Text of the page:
Why the least developed countries need urgent action

06 March 2023

Long-standing infrastructure gaps, structural socioeconomic challenges and enormous development needs continue to undermine the resilience of these countries.

The second part of the fifth UN Conference on the Least Developed Countries (LDCs) taking place in Doha, Qatar from 5 to 9 March comes at a critical moment.

It comes when the 46 LDCs are sharply hit by multiple crises: geopolitical fragmentation, a pervasive climate crisis, high inflation, rising debt, poverty and hunger.

LDCs are at a critical juncture and risk falling further behind

LDCs are characterized by limited productive capacities and multiple structural constraints to tackle today’s polycrisis that can have disproportionately damaging effects on their economies. They’re the countries least prepared to tackle these crises.

Even before the pandemic, many LDCs were off-track in achieving the Sustainable Development Goals (SDGs).

The harsh reality is that, with 1.1 billion people, or 14% of world population, LDCs account for more than half of world’s extremely poor (those living on less than $1.9 a day), yet their economies account for only 1.3% of the world’s total.

Moreover, hunger remains alarmingly high. In 2021, an estimated 768 million people globally were undernourished, of whom 34% were from LDCs.

Restrictive trade measures, sustained shortages and high prices could further worsen food availability and access in LDCs, where food insecurity is already rampant (more than 50%), with the prevalence being higher among women than men.

Four LDCs faced famine-like conditions in 2021, due to a confluence of armed conflict, economic decline and weather extremes.  

Sustainable management of water resources and access to safe water and sanitation is another hurdle LDCs face. Despite encouraging progress in recent decades, in 2020, 665 million people in LDCs lacked access to safe drinking water services (about one third of the global average) and 782 million lacked access to sanitation (about 22% of the global average).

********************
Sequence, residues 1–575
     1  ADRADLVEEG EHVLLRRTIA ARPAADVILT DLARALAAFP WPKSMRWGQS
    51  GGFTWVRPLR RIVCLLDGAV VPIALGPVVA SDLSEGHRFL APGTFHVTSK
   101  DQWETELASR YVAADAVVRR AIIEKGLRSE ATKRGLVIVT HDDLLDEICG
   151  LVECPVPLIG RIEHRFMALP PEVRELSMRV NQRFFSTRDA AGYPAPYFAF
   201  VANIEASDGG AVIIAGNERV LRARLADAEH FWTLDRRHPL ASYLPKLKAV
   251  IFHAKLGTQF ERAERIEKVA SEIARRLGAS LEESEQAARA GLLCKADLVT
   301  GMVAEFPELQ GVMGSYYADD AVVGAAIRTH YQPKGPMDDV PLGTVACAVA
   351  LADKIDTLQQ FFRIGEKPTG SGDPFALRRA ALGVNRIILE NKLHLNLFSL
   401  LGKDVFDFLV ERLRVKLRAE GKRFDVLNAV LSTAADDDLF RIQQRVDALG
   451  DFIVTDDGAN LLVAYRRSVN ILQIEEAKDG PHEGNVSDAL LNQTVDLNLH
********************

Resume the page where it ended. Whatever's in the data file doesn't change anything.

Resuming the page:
LDCs also face challenges in relation to access to affordable, reliable, sustainable and modern energy. They accounted for one third of the world’s population without access to clean cooking, and for two thirds of the people without access to electricity during the same period.

Furthermore, LDCs have large domestic inequalities in access to energy, including along the rural–urban divide. In 2020, on average, 78% of the urban population in LDCs had electricity access, compared with only 44% of rural populations.

Need to transform LDC economies

Without a structural transformation that prioritizes economic diversification and addresses institutional and capacity constraints, LDCs will continue to remain vulnerable to existing and future external shocks, particularly climate change.

The scale of LDC infrastructure gaps is a major hindrance to their structural transformation and human development, and undermines their overall resilience to climate change, weather extremes and related risks.

These gaps deserve primary consideration in the pursuit of any realistic approach to regaining momentum towards the SDGs and a “just transition” to a low-carbon economy.

The huge infrastructure gaps warrant a systemic and long-term expansionary approach to infrastructure development and the building of productive capacities. This involves improved coordination between public and private investment, including through international cooperation. Women, youth and vulnerable groups should be at the centre of these efforts.



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